Altoona Mirror from Altoona, Pennsylvania on May 27, 1930 · Page 1
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Altoona Mirror from Altoona, Pennsylvania · Page 1

Altoona, Pennsylvania
Issue Date:
Tuesday, May 27, 1930
Page 1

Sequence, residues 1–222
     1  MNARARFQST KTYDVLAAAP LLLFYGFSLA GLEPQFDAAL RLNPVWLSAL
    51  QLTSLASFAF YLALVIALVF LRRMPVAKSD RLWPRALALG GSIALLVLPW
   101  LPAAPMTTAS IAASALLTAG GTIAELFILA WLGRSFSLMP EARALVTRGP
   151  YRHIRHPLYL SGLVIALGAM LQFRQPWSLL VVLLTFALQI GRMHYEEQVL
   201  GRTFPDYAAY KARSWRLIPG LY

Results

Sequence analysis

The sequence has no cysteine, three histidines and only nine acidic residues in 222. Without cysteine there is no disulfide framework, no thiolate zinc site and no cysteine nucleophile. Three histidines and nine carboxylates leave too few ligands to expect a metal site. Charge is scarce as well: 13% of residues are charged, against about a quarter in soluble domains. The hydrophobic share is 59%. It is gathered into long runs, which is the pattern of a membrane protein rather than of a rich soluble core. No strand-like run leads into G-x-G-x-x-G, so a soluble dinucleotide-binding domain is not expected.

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oona * * - * - - • " * With * Sure tnd bependabie Advef Using 1ft Aheona and Slait Cdtmty, tror. TheAftoont Graduation ol fSf All&nfor ESTABLISHED JUNE 13, PA., TUESDAY EVENING, MAY 27, 1930. THIRTY PHItA. MAN HEADS .LABOR flfoERATlON John A. Phillips of Quaker City Typographical Union Nominated Without Opposition Tor Highest Office. RESOLUTIONS PASSED AT FORENOON SESSION Peter Glick, Secretary of State Department-^ Labor and Industry, Scores Industrialists for Unemployment. John A. Phillips of Philadelphia was nominated without opposition' for the Office of president of the Pennsylvania State Federation of Labor, at that body's convention session in the Penn- Alto hotel this morning. His election will take place tomorrow. • Phillips is business agent of the Typographical union of Philadelphia and formerly served as vice president of the state federation. He also holds the office of state industrial commissioner. In becoming president of the state labor body, Phillips succeeds the late Congressman John J. Casey, who held the office at the time of his death. 1 The Phlludelphlan, Phillips, was a candidate in 1928 for the presidency of the state federation but at that time was defeated by the forces of delegates, which at the convention in this city this week^brought about his nom• ination without opposition. The United Mine Workers were his opponents in 1928 but swung their entire support to Phillips when nominations were . made at the convention here today. When Phillips' election transpires, it will have been the ilrst time "in the history of the federation that any candidate has been nominated and elected to tho highest office without any opposition. Ovation Given Him. . Phillips received a great ovation •when he responded to the call from delegates for a speech, following his nomination this morning. He spoke briefly in asking for the fullest cooperation of all units of the state federation in carrying on that body's activities .for the ensuing year and expressed his sincere appreciation of tho high honors tendered him in being chosen for the presidency. John Boylan of Scranton, president of District No. 1, United Mine Workers, made the motion which placed Phillips in nomination for the federation presidency. Boylan supported his motion with a glowing tribute to the candidate. Pat Fagan of Pittsburgh, president of District No. 5, United Mine Workers, seconded' the motion and augmented Boylan's remarks in praising Phillips. James ^k Kelly of Harrisburg, who has serveoT many years as secretary- treasurer of the state federation, also was nominated for reelection without opposition this morning. Charles Lahr of Plttston, James McElroy of Philadelphia and John Car- rahan of Plains, all of whom have served as auditors In tho past year, wore nominated without opposition this morning. John B. Gallagher of Wilkos-Barre was nominated as delegate to the national federation convention, to bo held In Boston next October. Henomlnuto Vice Presidents. Following caucuses among the various factions of delegates, seven vice presidents of the federation were nominated late this forenoon. Five of the vice presidents were renominated as follows: First vice president, John Kmetz, Nanticoke, Pa.; third vice, A. P. Bower, Reading; fourth vice, William L Cooney, Scranton; sixth vice, Lawrence J- K atz oi Harrisburg; seventh vice, Charles Emmcrt, Erie. Fred Lauterwasscr of Philadelphia defeated Vernon Fletcher, also of Philadelphia, for second vice president, while P. J. McGrath jot Pittsburgh won for llfth vice president over Thomas G. Robertson, also of Pittsburgh. Following lunch at noon today, the visiting delegates were escorted on a tour of the Altoona Works of the Pennsylvania railroad. Officials of the Blair County Central Labor Union headed the party and will visit the departments of the Altoona and Juniata * Reconvening again this evening at 7 o'clock,the federation is expected to announce its favorite candidates for the offices of governor and United Btates senator. Vice "I'ruslilcnt Presides. Thomas G. Robertson of Pittsburgh, fifth vice president of the state federation, presided over the sessions this forenoon. Frank J. Schmidhammer, named sergeant-at-arms for the convention, assumed that office this morn- Mr. Robertson paid a fine tribute to the accomplishments of Peter Glick, secretary of the state department of labor and industry, in presenting the latter to the convention for an address this morning. Mr. Glick, in opening his remarks, elated that his department gets most of its inspiration and support from the activities of the state Federation of Labor. "Your interests are our interests and we are endeavoring to manifest this in our every operation today," declared Click. "Union labor is being employed in the vast building operations that are underway for the state government in Harrisburg to- (Coptinued on Page 17> Index to Today's News Page 2—Happenings from the world's airways. Page 1—Anthracite men want rates cut. Page 5—In the business world of today. Page 6—Continued story, "The Ragged Princess." Page 7—This and that. Page 8—Editorials, Timely Topics, The Saunterer, etc. Page il—Crossword puzisle. Page 12—South American cruise described. Errorgrams. Page 18—Society, church and frater- n?.l news. Page 21—Business, market and financial news. Pages 22 and 23 Correspondence. Pages 26 and 27—Sports. Pages 28 and 29—Classified section. Page 28—"Out Our Way" by Wil- CONDITION IS SBRlOUS. , Motorcycllit Injared Lait Thursday t« Admitted to Hospital. Wilford Black, aged 19, of N«wfy, wag admitted to the Mercy hospital at 6.56 o'clock last evening in a father serious? condition aa a result tof injuries suffered last Thursday afternoon in A collision of a motorcycle, on /which Black and Edmund Beegle, also of Newry, were riding, with an automobile. According to an X-fay examination made at the hospital this morning, the young man suffered fractures of one or more ribs and a broken'end of one of the ribs has punctured hia right lung. According to the, X-ray negative, the lung is now partly filled with blood. The young man was given medical treatment following the accident but the extent of his injuries was not realized. Going to his home his condition continually grew nfore serious until the family physician ordered his removal to the Mercy hospital yesterday afternoon, Beegle, the other rider of the motorcycle, Was admitted to the Altoona hospital following the accident and is being treated • for numerous lacerations. ALUMNI WILL PAY TRIBUTETO ROBB Grand Testimonial Reception • to Retiring High School Principal to Be Held There June 6. " Plans are now being perfected by the members of the alumni of the Altoona High school for a giand testimonial reception to Dr. George D. Robb, who with the end of the present term will retire from the principalship of the institution after a service of thirty-seven years. It will be held on the evening of June 6 in the Senior High school auditorlu'nf Every one of the thirty-seven classes that have been graduated during the period of Dr. Robb's service will be represented and the members 6i the previous classes dating back to the first one in 1877 will also be welcom'ed to the reception. The affair will assume the form of a reminiscing party and a gala time is assured for all. Guests will include city and county officials as well as husbands and wives of the graduates. Attorney David Perry, president of the Alumni association, will preside and the committee in charge' includes the officers of the association. Arthur Hughes is chairman of the committee on arrangements. The program has not been completed, but it will include vocal selections by Mrs. Mary Hare Bott and Walter McEldowney, both members of the Alumni association; selections by the High School orchestra and quartet. There are approximately 4,000 who have been graduated during the period Dr. Robb ha.8 been principal since 1894. THey may be found in all pnrts of the world. There Is 'one in Australia and one at Singapore on the Chinese coast. A majority of them live In Altoona or they are near enough to ( the city that they can come for the testimonial to Dr. Robb, so that it may be expected that there will be the largest party of the kind that has ever been held in Altoona. > Dr. Robb has been apprised of the plans for the evening, so it will not be in- the nature of a surprise. There will be speech making In which members of the alumni will take a part and it Is proposed to have the event on the whole as Informal as it is possible to make it. » COURT QUASHES APPEAL FROM LABOR FEDERATION HARRISBURG, May 27.—A taxpayer cannot enjoin a department of tho state government unless the action of the department affects the taxpayer's taxes, the state supreme court held today In quashing the appeal of James E. Kelly, secretary of the State Federation of Labor, in the suit instituted by Kelly to define the regulations governing appointment of state mine inspectors. Kelly, acting for the State Federation of Labor, sought to restrain the State Department of Public Instruction from appointing state mine inspectors as a result of examinations held by the department in 1929. 1<'J,U1S CATCHES FlttK. At noon today, the Hue on the home of P. J. Kraus, 2914 Walnut avenue, caught lire. A passerby figured it seriously and pulled a box to which companies 1 and 5 and truck B responded. Firemen from No. 5 station used three gallons of chemicals. PRESENTS FINAL 'DRAFT OF TARIFF By PAUL It. MAM.ON Stan* Correspondent WASHINGTON, D. C., May 27.— Chairman Smoot, veteran tariff maker, brought /the iinal revised and reformed draft of his Smoot-Hawley tariff bill before the senate today with the advice, "take it or leave it." Under parliamentary restrictions the senate must accept or reject the bill as a whole without even minor change. Smoot was prepared, in his opening statement explaining the draft, to advise that the senate accept it as "a splendid measure" which, in his opinion, meets the restricted revision requirements laid down by President Hoover. The impending conflict assumed the aspects' of a great political struggle measuring up to the historic tariff conflicts of the past, notably that over the Payne-Aldrlch bill which is generally accepted by historians as having upset the course of national politics in its effect on the administration of William Howard Taft. Against Smoot, and planning to speak after he concludes his opening speech, were the Democratic and Independent Republican forces, admittedly in the minority now. They plan to "go to the country" on the tariff issue in the coming November congressional elections They arc tighting particularly against the increases on sugar, lumber, cement, and against elimination of the debenture system of farm relief. On the other hand, the Republicans plan to defend the tariff in the coming campaign as a splendid accomplishment to which they have devoted sixteen months of work. KEEPING RAGE FIT THEME MJKCTni Mental Specialists, ' tn Addresses at Lions Club'Ses- sion, Outline Methods of Battling Insanity. J ' • STERILIZATION PLAN EXPLAINED BY SPEAKER Feeble-minded Will Increase and Lower National Standards Unless Drastic Measures Are Adopted. Upwards of 250 representative citir zens of Altoona atrd the county at large, at a meeting held last evening at the Penn-Alto hotel, were given an Insight on the best methods of improving the standards of care and treatment of the mentally iff .and the gradual elimination through sterilization of the mentally defective. , Several of the most eminent experts along these lines in the-country were included among the^speakers at the meeting which was sponsored by the Altoona Lions club. The speakers were Dr. J. S. DeJarnettp, superintendent of the Western State hospital, Staunton, Va.; Dr. Harvey Watkins, super' intendent ofv-the Polk institute for feeble-minded at Polk, Pa.; Dr. J. Allen Jackson, superintendent of the Danville State hospital; Dr. J. S. Hammers, superintendent of the Pittsburgh City home and hospital, and Dr. H. J Sommer, superintendent of the Blair County hospital. Dr. DeJarnette was the chief speaker of the evening and sterilization was the theme of his address. He was the sponsor of the bill which was passed by the Virginia legislature for the sterilization of the feeble-minded and mentally defective, which has stood the test of the highest courts in the land and which is now in effect in the state. Gives Startling Facts. Dr. DeJarnette spoke plainly and he gave the assemblage sonic startling facts in the course of his argument in favor of sterilizing the mentally weak. He said that the Pennsylvania legislature was the first to pass a bill to this end. This was in 1905 but it was vetoed by Governor Pennypacker and no such measure has since been enacted. He then explained what sterilization is and how the operation Is performed. Ho said that it is extremely simple and no ill results follow. In the male it does not even confine the patient to bed. • Pointing out the necessity for it in order 'to maintain the fitness of the race, ho said the sex call is the strongest call in our lives; that the feebleminded are over-eexed and thus they bring many' children into the world who a,re not properly reared and many of them become our criminals. Many (Continued on Page 20) SERVICE RENEWALS ABOUT COMPLETED Water Bureau Officials Will Be Ready to Flush Kittanning Point Reservoir In a Few Days. Water bureau officials have now about completed making the service renewals along Sixth avenue on the four extra blocks which it is planned by the : olty and state highway department officials to pave. The additional blocks are between Lloyd and Second streets and between Thirteenth and Fifteenth streets. They havo also lowered the water main in Fifth avenue, between Eleventh and Twelfth streets, Juniata. The old line had been laid under the curb. It was moved out and lowered. The avenue is to bo paved. Within the next three or four days water will be turned into the Kittanning Point reservoir for the purpose of flushing. Thereafter the reservoir will be filled but the water will not be used until it has stood for about ten days. This will give the sun and the air the opportunity of exerting their purifying influences and all solids In the water ample time for settling. When the reservoir is placed In service the waty will be chlorinated and it will be subjected to analytic tests every two hours, every possible precaution being taken to guarantee its purity. Health bureau officials will take part in these proceedings. An overflow sewer is now being installed In the swimming pool at Prospect hill. A basin about ten feet long is being constructed into which there may be drawn off soot or other deleterious accumulations on the surface of the water and this will then be drained by means of the sewer. It will be located on the southern end of the pool. The pool will be ready for service by Memorial day but the weather will have to be many degrees warmer than it is today if the opening is held then. MUUCUUY STILL LOW. The cold wave of the past week-end was continued yesterday afternoon und last night with the low temperature of the night recorded as 41 degrees and 68 degrees taken as the highest temperatures of yesterday afternoon. At 10 o'clock this morning the mercury stood at 53 degrees. NOTICE TO ADVERTISERS The Altoona Mirror will not be issued on Memorial day—Friday, May 30. Copy for display advertisements intended for publication in Thursday's issue must be in the office not later than 2.30 o'clock on Wednesday afternoon. Advertising copy for Saturday's issue must be In 'The Mirror office not later than 2:30 o'clock Thursday afternoon. RULING HAS PROFOUND EFFECT ON WHOLI PROHIBITION ISSUE By UAV11) LAWBKNCE. (Copyright, 1930, by Altoona Mirror.) WASHINGTON, D. G., May 27.-NO decision of thV.supreme court, since the Volstead law was enacted has had such a profound effect on the whole prohibition problem as the ruling that the purchaser Is not equally guilty with the seller of intoxicating beverages. ^•The moral effect of the-decision will be far-reaching. The fact that an individual may encourage the commission of a crime and yet' not assume any legal responsibility for the act Itself, is generally regarded as something which the legal mirid can justify on technical grounds; but from a political viewpoint it is the worst blow that the prohibition movement has received. For it means that thousands Of people who have hitherto hesitated to encourage bootlegging, because of the belief, that they shared in the legal responsibility, have now had all doubt removed by the highest court in the land. The decision rally goes fartfier-^lf challenges congress to make the prohibition laws more effective if it so desires. With the problems of enforcement growing more complicated every day, the idea of enacting a law which will specifically permit the prosecution of individuals who buy liquor is not relished from an administrative point of view. . The wets are jubilant over the de- cision, for they think that it ultimately means nullification of the Volstead law by supreme court interpretation. They argue that if the highest court in the United States can rule that a bootlegger may sell his wares unlawfully and yet the recipient of the goods may escape all responsibility, It means that the word "possession" as used in* the Volstead act can also be made a dead- letter. The general assumption has been that the Volstead law prohibited possession in every sense of. the word. The supreme court decision says that the act of purchase is not illegal, but It does not pass upon the point as yet as to what would happen if the government prosecuted a man who had liquor in his possession that was not lawfully distributed. Although the department of justice has made no announcement, It is assumed that a test case based on the theory of possession, following proof of sale by a bootlegger, is the next step. Entirely apart from the legal aspects of the decision, the ruling of the supreme court will play a vital part in prohibition discussion and controversy henceforth. It comes at a time when the dry forces are fighting against a much more active wet group than at any time in the last ten years. There never has been a law which prohibited the consumption of liquor and now that the court rules that .purchase Is not Illegal, the whole question of en(Continued on Page 21) BUDGET OFFICER CRITICIZES PACT Rear Admiral McLean Objects to Provisions Giving Japan' Parity With United States in Submarines. (By United'Press.) , WASHINGTON, D. C., May 27.— Provisions of the London naval treaty giving Japan parity In submarines with the United States were criticized before the senate naval committee today by Rear Admiral Ridley McLean, budget officer of the navy. McLean said it was "even more important" to have a 4-3 ratio with Japan in submarines than other vessels, because tho undersea craft must operate from bases. In case of war with Japan, he said, the United States would be at a "great disadvantage" to Japan in submarines. under tho London treaty. "I have always xinderstood," McLean said, "that we limited our naval bases at the Washington conference in return for a 5-3 ratio with Japan." He pointed out that 'Japan has a base 300 miles from the Philippines while this country's-nearest adequate base is 6,000 miles away. McLean emphasized the importance of submarines, declaring they not only are defensive weapons, but powerful offensive weapons. He said it would have been to the ad- Vantage of 'this country to abolish submarines entirely. The agreement 'finally accepted, he said, Is all right as far as Great Britain is concerned because it reduced Britain's tonnage in submarines. "But I have a feeling of disappointment that we have conceded equality to Japan," he added. McLean said that by December, 1936, Japan will have 08,000 tons in submarine's, with many moro near completion. Too Many Conferences. WASHINGTON, D. C., May 27.— The United States navy will "have to go out of business by and by because wo have too many conferences," Rear A'dmiral S. A. Wylie, retired, declared before the senate foreign relations committee today in (Continued on Page 17) SUBURBAN DAY TO BE OBSERVED TOMORROW Suburban day will be observed li» this city tomorrow by the merchants affiliated with the Altoona Booster association, Store news today carries to the people of the outlying shopping district the story of exceptional values, arranged especially for this occasion. Last week's Suburban day was coupled with summer special showings and it worked out inar- velously for both merchant and customer. This week many of the same conditions exist and it is hoped that no person, in the city or out but in the local trade zone, will pass up tomorrow's opportunity to do shopping because of. tfio appealing values offered. Every line of trade Is represented by tho Boosters and no matter if it's clothing, shoes, provisions, house furnishings, hardware,, notions, a good meal or a theatre ticket for a good show, the Boosters are represented and all join in the invitation to Suburbanites to come to shop tomorrow and at the same time ask the people in the city proper to meet with them. WATERS MAY HEAD STATE COMMITTEE Auditor General Mentioned as Candidate for Republican Leadership — Fisher and Grundy Confer. (By United Press.) HARRISBURG, May 27.—Auditor General Charles A. Waters .was being mentioned around the capitol today as a possible candidate for chairman of the Republican state committee when that body reorganizes June 7. Waters is expected to arrive here this afternoon from his home in Philadelphia to confer with political leaders. Governor Fisher and Senator Joseph R. Grundy held a conference last night at the executive mansion following the dinner by the governor to the members of the supreme court. Prior to the dinner the governor conferred with State Treasurer Edward Martin, present state chairman, and it is said the governor would like to see Martin reelected. Senator Grundy, however, is expected to make a demand to name.the next state chairman. Immediately following the primary election the name of Samufel S. Lewis, deputy auditor general, was brought forward. Waters was manager of the Grundy senatorial campaign in the primary election and Lewis took a very active part in the campaign. As the support given the candidacy of former Governor Pinchot by the Grundy wing is conceded to have resulted in Pinchot's nomination, a coalition of the Grundy and Pinchot forces in support of a candidate for state chairman is expected. WOMAN IS PAINFULLY INJURED IN ACCIDENT Run down by an automobile while standing on the curb in front of her daughter's homo In Allegheny Furnace about 7.30 o'clock last evening, Mrs. Alwilda Bennett, aged 70, of 2802 Oak avenue, suffered fractures of the left leg and hip and Is now a patient at the Mercy hospital. The accident occurred, it is reported, when a young woman, being instructed in the operation of an. automobile by a man, apparently stepped on the accelerator of her car instead of the brake as she approached the automobile of Roy Ernest, standing on the opposite side of the street from Mrs. Bennett. In attempting to swerve the young woman's car from the Ernest machine the man is alleged to have caught the steering wheel and turned the machine to the opposite side of the street, running down Mrs. Bennett before the car could be brought to a stop. Mrs. Bennett was admitted to the hospital at 9 o'clock. An X-ray examination made this morning disclosed the fractures. In addition 'She suffered a number of body bruises and is suffering from the shock of the accident. - COLONKL MINK'K IIKKK. Colonel J. L. Minnick, formerly of the city but now of Philadelphia, was a visitor in the city yesterday. He is the engineer in charge of the electrical work in the Pennsylvania Railroad company's new station in Philadelphia. The work is progressing and the station will be opened to suburban traffic sometime in September. MAY ESTABLISH YOUTHS' IDENTITY Chief of Police J. N. Tillurd lias received several communications, either letters or telegrams, all coming, from Philadelphia, in which inquiry is made regarding the two young men who were killed on Friday night on the Pennsylvania railroad in the vicinity of Coburn, west uf the city, and whose Identity has not yet been established. One letter is from Miss Virlginia Walls who says that the description given of the young men would indicate that one of them might be her brother. William Walls, who left his home in Philadelphia some time ago and has not since been heard from. Another is from Mrs. John F. Small, who says that the description of one of them tallies with her brother, whose name she does not mention in her letter. A telegram from a Philadelphia newspaper stated that one of the youths might be Theodore Farrell. Miss Walla encloses photographs ol her brother and if he is one of the victims it may be possible to establish I his identity. Chief Tillard has turned the letters. telegram and photographs over to Coroner Chester C. Rothrock. SEEK IMPOUNDING, OF BALLOT BOXES (By United Wcsa.) WILKES-BARRE, May 27.—Fifty- tour petitions were to be presented today for the impounding: of ballot boxes in Luzerne county. The boxes from twenty-six districts were to be impounded, according to an order signed oy the court yesterday. Supporters of Francis Shunk Brown, defeated candidate for the Republican gubernatorial nomination, are backing the move in ah effort to have votes cast for the successful candidate, Gif- tord Pinchot, declared invalid. . A blanket bond of $60,000 was tiled yesterday to cover expenses of a recount. If the approximately 25.UOU ballots which were perforated by order oi the county court are declared invali^, it will mean the nomination ot Brown instead of Pinchot! The three county judges issued an informal order to have the ballots perforated with the county's seal in order to prevent "stuffing" of the ballot boxes. POLICE FIRE UPON RiOTERSJN INDIA Twelve Are Wounded When Crowd of Mohammedans Stone Barracks — Three Dead In Might Fighting. FRESH OUTBREAKS OCCUR IN STRIKE AT RANGOON Casualties tn Raids on Salt Works and Sporadic Demonstrations Are 50 Dead and Hundreds Injured. By WEBB MILIEU, Staff Correspondent. (World Copyright, 1930, by United Press.) BOMBAY, May 27.—Twelve persons were wounded today *hen British police fired a volley of buckshot into a crowd of Mohammedans who were stoning the Sandhurst road barracks. Police^ resorted to the buckshot volley after four shots were fired into the air as a warning to the mob to retreat. The shots had no effect whatever on the Mohammedans. Mohammedan leaders arrived immediately 'after the shooting and attempted to pacify the mbb. Today's rioting in Bhendi. bazaar, in the central part of Bombay, was a renewal of serious attacks by Mo- hammedans on British native police which began last night. Three mem- bc^s of the mob were killed in last night's fighting, and thirty others/ injured, while at least a dozen police were injured. More Street Fighting. The rioting here today coincided with fresh outbreaks of series street lighting in Rangoon, Burma, where independence agitators were blamed in part for inciting dock wbrkers to strike. The total casualties in salt raid lighting, isolated demonstrations and the Rangoon and Bombay rioting were at least fifty dead and probably several Hundred injured. The dead included forty at Rangoon, six at Dacca, where a reign of terror existed over the week-end, three in Bombay and one British officer in the Peshawar district. The injured included sixty natives in Bombay and a dozen police; an undetermined number at Rangoon, where many were injured so seriously they were expected to die; and lesser numbers at other towns, including Karachi. Four platoons of East Lancashire troops, called early today, were reinforced during the forenoon and were concentrated in three police stations in the district and patrolling in motor trucks. Witness Outbreak. ' With Carleton Ketchum of the London Daily Express, I witnessed the renewed outbreak at 9.15 a. in. at the Sandhurst road police barracks. We were the only correspondents present and when we arrived an angry mob of Mohammedans in front of the bar- Continued on Page 17) METHODIST BOARD DENIESJOBBYING * Research Secretary Tells Senate Committee Organization Does Not Support Methodists for Office. ' (By United Press.) WASHINGTON, D. C., May 27.— Denial that the Methodist board of temperance, prohibition and public morals is the gigantic lobbying organization its critics have pictured it was made before the senate lobby committee today by Deets Pickett, research, secretary of the board. "It does not attempt to support Methodists for office," said Pickett. Pickett said the Justice department investigated charges the board has violated the corrupt practices act and gave the board a clean bill of health. The charge was brought to the attention of the department last summer by Representative Tinkham, Pickett said. "The department of justice went into the matter very thoroughly," he added. PicUett, appearing in answer to charges mude against the dry organization by Representative Tinkham, Republican, Massachusetts, a wet, asserted no contribution has ever been made for political or lobbying purposes. "The board of temperance, prohibition and public morals cannot receive and use in its entirety any contribution from the church or individual, except when such contribution has been specifically designated as to use," Pickett told the committee. "And such designation must be to an approved subject." The money of the board is raised by a levy of 1 2-3 cents on each dollar donated to the various affiliated (Continued on Page 17) SEEKS RECORD CHILD FRACTURES SKULL IN FALLING DOWN STEPS Falling down a flight ot cellai steps while playing tn a neighbor's house yesterday afternoon, Mary Elizabeth Brady, aged 5, daughter oi Mr. and Mrs. Clyde Brady of 2820 Oak avenue, suffered a fracture of the skull. The child is a patient at the Mercy hospital where she was admitted at 6.10 o'clock last evening. An X-ray examination made this morning disclosed a long linear fracture at the back of the skull. Her condition is regarded as fairly good. The child is conscious. lOKEt AST. WASHINGTON. D. C., May 27.— Western Pennsylvania — Increasing cloudiness and warmer tonight, probably followed by showers. Slightly warmer Wednesday. Eastern Pennsylvania—Fair and not quite so cool tonight; Wednesday increasing cloudiness and somewhat warmer possibly followed by showers in extreme west portion; diminishing northwest winds becoming gentle variable Wednesday. ROSCOE TUBNEB FLIEB IS TRYING TO BREAUECORD Lieutenant Colonel Roscoe Turner Hops Off In Attempt to Establish New Transcontinental Mark. (By United Press.) ROOSEVELT FIELD, L. I., May 27.—Lieutenant Colonel Roscoe Turner hopped off at 5.03 (E. D. T.) a. m. today in a Lockheed Air Express cabin monoplane in an attempt to break the east-west transcontinental speed record. -^ His pet lion cub, "Gilmore," accompanied him. The present east-west speed record is held by Captain Frank M. Hawks, whd on June 27 piloted his Lockheed- Vega monoplane from Roosevelt field to, Los Angeles in 19 hours,' 10 minutes and 32 seconds, without a stop. The transcontinental speed record is held by Colonel and Mrs. Charles A. Lindbergh, who flew from Los Angeles to Roosevelt field April 20 in 14 hours, 23 minutes and 27 seconds, stopping at Wichita to refuel. Although Turner made a west-east flight recently in slightly less than fifteen hours, he said he expected to take more than that time for the return trip because prevailing winds would be against him. "I will refuel at Wichita again," he said. "The weather at present looks fairly good. After returning to the coast I expect to make another eastward flight. I don't know whether it will be one stop or non-stop.". Turner said the purpose of the flight was to test the possibility of coast-to- coast service and added that there would be further flights to investigate its practicability under , varying weather conditions. An eighteen-hour coast-to-coast service carrying mail and valuable express cargoes was planned, Turner said. Eventually passengers would be carried, lie said. The flier arrived at the field soon after 4 p. m. to inspect his plane, which had been fueled with 450 gallons of gasoline and 25 gallons of oil. A barograph had been installed by Walter D. Ward, national aeronautical official. The plane has a cruising speed of 185 miles an hour and a top speed of 220 miles an hour.. Turner said the flight would be made at an altitude of from 6,000 to 12,000 feet and that he hoped to reach Wichita in approximately eight hours. 4 No provisions "were taken aboard the plane, although "Gilmore" enjoyed a good meal before he was chained to the cabin with a small parachute strapped to his back. ENFORCEMENT TRANSFER BILL SIGNED BY HOOVER Hfgh fchttrf **M*tf* ' WASHINGTON, D. C., May 27.—The first of the reform measures recommended by the Wickersham law enforcement commission became a law today when President Hoover signed the Williamson bill transferring prohibition enforcement from the treas ury to the justice department. The transfer becomes effective July 1 when Attorney General Mitchell will take over the burden of enforcement, which has been in the hands of Secretary of Treasury Mellon since 1921. TWO FIUE ALARMS. There were two fire alarms-recorded at the bureau of fire yesterday. A call from the home of E. L. McArthurs 1315 Third avenue, took.No. 5 firemen there at 6.36 o'clock last evening. The flue was on fire; three gallons of chemical were used. Firemen of No. 5 company made a false run to Third avenue and Twenty-sixth street at 10.22 'o'clock yesterday warning. TEN ARE DEAD IN COLISEUM BLAZE (By United Press.) OKLAHOMA CITY, Okla., Slay 27— Flumes swept the stockyards coliseum today, taking a toll of human life and leaving the auditorium in ruins where Alfred E. Smith two year* ago sounded his famous keynote for religious tolerance. Preliminary hospital reports said the Are and crushiug wall killed ten persons and injured twelve. The walls of the auditorium crashed soon after the tire was discovered. Most of the deaths and injuries resulted when crowds pressed, forward to see the spectacle and were caught by the falling walls. Firemen fought to check the flames in the auditorium and keep them from spreading to nearby packing houses, and at the same time were hard put to keep the crowds back. Several persons lighting to salvage parts from automobiles in thtj annex were trapped by the collapuu of at wall. The auditorium is in the center ol the packing house district, knowu as Pa.ckMigto-.vii. The liamca leapiug trom the Coliseum threatened lu uud endanger the surrouuding plants. The blaze started in a comer oi the building near the opening of a large au.wd.uji covered AIMING TO IAI BUYER «MBM* effort to Amend Witt Result from Handed Down bf preme Court. CONGRESSIONAL ARE DIVIDED OH Some Think It Would Act Harder to Bnffl May Try to Revoke standing Alcohol By NATHAN : Staff Correspondent* WASHINGTON, D. C., May ».—1 forts to put a new law on the statttt* books making the liquor-buyer » crittt* ' inal and to revoke, by court action, ft number of outstanding industrial Alcohol permits appeared today ttt tfafe first fruits of the outstanding decfsioli* handed down by hte United SUtfMt «u* - preme court. *' t These decisions, emanating yesterday from the nation's highest judicialbody, definitely established two facU: ?/| First—The buyer of liquor to guilty of a criminal offense under national prohibition act. Second—Indeterminate industrial cohol permits, issued by the department prior to 1927, cannot fee UtA voked without court action. • To Write In "Pnrcha**.** The first decision led. to an tenBe-_ diate statement by Senator Sheppara*" Democrat, Texas, author of the eigh^ teenth amendment, that cungre**' ~< should 'write the word "purch*«e?t^, alongside the words, "manufacture^ sell, transport," in the Volstead fetww Congressional drys were, divided on this issue. Many prohibition leader*. in both the house and senate said they felt this broadening of the Volstead aCC >'£ would make it Harder to enforte. Tftejr " feared it might result in the complete breakdown of all enforcement. >/," Among those doubting the wisdom ot the move were Senators Jones, Republican, Washington, author of the:j, famous "five and ten" law, and Fes»» •• Republican, Ohio. The same sentiments were enter«./ tained by wets, who contended nothing- could help their cause more than aa attempt to prosecute the purchaser- 1 :, of liquor. One ol them. Senator |; Walsh, Democrat, Massachusetts, ami&f a "It will be interesting now to seer,-"* if the sincere prohibitionists will taft* ' ,1 the step they ought to take if tbey tj believe the use ot Intoxicating liquoro is harmful and dangerous,' namely, amend the present law to make purchase unlawful." . -*" , Will Seek Contldentiea. , *J ( Undeterred by the division amoifcilili drys, Sheppard said he would seek im-~ mediate consideration of his "buy<r r : guilty" bill, which has been pending^; ; before the senate ' judiciary commit- tee'for some months, without action, •:In the light of the supreme court, *| opinion, Chairman Steiwer of the cornet ' mittee said be would try to ass«mbl*£'' his colleagues this week to hear Shej»-~ ;-. pard's argument for the bill and thoaeu./J of any others who might wish to-1 pear. He added, however, it would 1 difficult to consider the measure i this session. At the treasury department, dry enforcement agency, the decision that the Volstead act doec no£,;affect the liquor buyer was seen «•."' ' having little or no effect on enforce > ment. The government, it was sa: has never acted on the belief t buyer was guilty. However, proceedings to revoke- number of indeterminate permit* sued to manufacturers using induat alcohol are soon to be instituted >. the treasury as a result of the court'i second decision. / Hn» Revoked Smut. . 4| Since 1927 the treasury has re' —whenever they expired—permit* manufacturers whom it suapectetf violating the law by diverting their cohol into bootleg channels. Jt now be Impossible to do this. The permits obtained since laST* to be issued hereafter, however. wfl| h* on an annual renewal basis, and m*y "1" be revoked by the treasury without that necessity of legal action. J On first reading of the deciataoL Prohibition Commissioner Doraa n*l&. he did not' believe it would seriouajj^ affect administration of the permiiwiv* system, as it applied only to th* olft permits issued prior to 1927. "We have evidence against soco* «f • the firms who contested our right* to '• revoke their permits showing tfctjf"" 1 ~1 violated the law," Doran added. "After ,""• consulting the administrator* in tlMk <J districts concerned. I shall start Ifntj' * action to revoke these permits. *' "All new permits will be renewed an» nually so long as we see no av of law violation." Verdict Wa* Expeeted. BOSTON, May 27.,- The _ States supreme court decision of terday, that buying beverage limwr was lawtut, was just the verdict O»»t Motorman James E. Farrar expeqt«t}> It was the arreat of Farrar, charg«4 with purchasing two pints of b " whiskey, which served aa the for the case that was carr' d to nation's highest tribunal. In an interview last March, the 3ft> year-old motorman declared he did not expect to go to jail; that he did not even expect to stand trial. "I'm pleased, of course, but not %t all surprised," he said when ha leftin^ ed of the court's decision. "It CM% without saying that I didn't caoMgife. a. crime by purchasing liquor, i $e]& sure all along that the prohibition I» wasn't meant to be delivered ^gtlBll purchasers." CONGRESS TODAY. (By Unittd PrtM.) report o* t iff bill. Foreign relations and naval ajfq committees continue hearings Ott Id dou naval treaty. Lobby committee continues invfj gatioa. UOIUM. Takes up bill for OiapoatUaB, Muscle ahou.13. Naval affairs committee on Pacific